The dreams always recur this time of year: I’m with my grandparents or I’m grieving the loss of them, and I wake up with the weight of unshed and unarticulated grief sinking my bones. Without the spaciousness that used to characterize my mornings before I had children, I can’t drop into the dream. I’m up, I’m snuggling my little one, I’m washing the cat bowl and filling it with fresh food as I notice the snow or sun on our yard, I’m reading books to my kids, making breakfast. The sounds and movements of the day begin and the dream is lost in the ether of that other realm.
But it’s not lost at all. It lives beneath the surface, swimming in the current of psyche that has no words, the world of grief and heartache, loss and longing. It’s a slow, quiet world, but it does not disappear simply because I choose not to carve out time for it. It creates a pane of glass between me and my loved ones. It closes the petals of my heart. It sits, waiting like a child that needs attention. If I fail to notice, it will make itself known in other ways.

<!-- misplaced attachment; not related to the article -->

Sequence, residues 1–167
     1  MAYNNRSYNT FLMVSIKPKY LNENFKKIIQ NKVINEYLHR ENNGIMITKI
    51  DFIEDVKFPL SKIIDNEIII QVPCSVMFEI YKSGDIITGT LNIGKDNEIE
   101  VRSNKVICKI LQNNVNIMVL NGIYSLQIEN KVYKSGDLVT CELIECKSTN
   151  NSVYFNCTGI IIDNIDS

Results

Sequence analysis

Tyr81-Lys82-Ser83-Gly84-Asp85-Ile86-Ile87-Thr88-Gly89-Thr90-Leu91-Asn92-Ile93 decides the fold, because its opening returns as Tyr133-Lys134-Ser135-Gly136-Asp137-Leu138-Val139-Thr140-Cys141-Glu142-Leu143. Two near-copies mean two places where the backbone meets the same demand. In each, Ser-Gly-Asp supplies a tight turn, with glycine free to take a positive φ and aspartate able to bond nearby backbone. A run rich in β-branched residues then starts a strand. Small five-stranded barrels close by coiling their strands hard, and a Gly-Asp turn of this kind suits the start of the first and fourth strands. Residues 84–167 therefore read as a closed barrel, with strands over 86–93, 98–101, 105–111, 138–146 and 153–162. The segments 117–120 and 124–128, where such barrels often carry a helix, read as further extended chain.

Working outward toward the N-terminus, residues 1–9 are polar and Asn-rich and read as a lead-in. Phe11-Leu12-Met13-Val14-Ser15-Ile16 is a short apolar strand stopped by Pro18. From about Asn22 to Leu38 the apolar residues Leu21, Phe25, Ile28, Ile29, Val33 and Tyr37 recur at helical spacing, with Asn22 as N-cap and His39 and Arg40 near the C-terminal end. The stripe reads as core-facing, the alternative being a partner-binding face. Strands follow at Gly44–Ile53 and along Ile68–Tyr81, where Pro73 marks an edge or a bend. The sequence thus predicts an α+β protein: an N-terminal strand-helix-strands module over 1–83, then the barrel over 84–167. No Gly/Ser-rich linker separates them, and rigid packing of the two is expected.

And this is how anxiety is born. I’m suddenly over-focused on the fact that Asher, our little one, has been tugging on his ear lately. We know that he has a build-up of wax, but my grief-laden-heart-turned-anxious mind now creates a story that he has a swollen lymph node and it’s the precursor of child leukemia. I have enough presence of mind to resist the dreaded Googling, but I leave for my yoga class with the anxious thought that something is terribly wrong. Before I walk out the door I whisper this to my husband, who looks at me like I’m crazy. We just had Asher’s well-visit check up and we know everything is fine. But my anxious mind doesn’t agree.
Once at yoga, I step onto my mat and breathe. I scan my body and become aware of the anxiety, aware of my closed heart, aware of the lack of clarity and joy that normally reside in my soul when the channels are unimpeded by unshed feelings. Is something awry with work? My marriage? My kids? Am I feeling the challenge of Asher’s frequent emotional outbursts? That must be it. No. Doesn’t fit; it came from my head. I keep breathing, keep moving, keep sweating.
And then I see her: my grandmother.
To read the rest of the article, please see my book The Wisdom of Anxiety: How worry and intrusive thoughts are gifts to help us heal.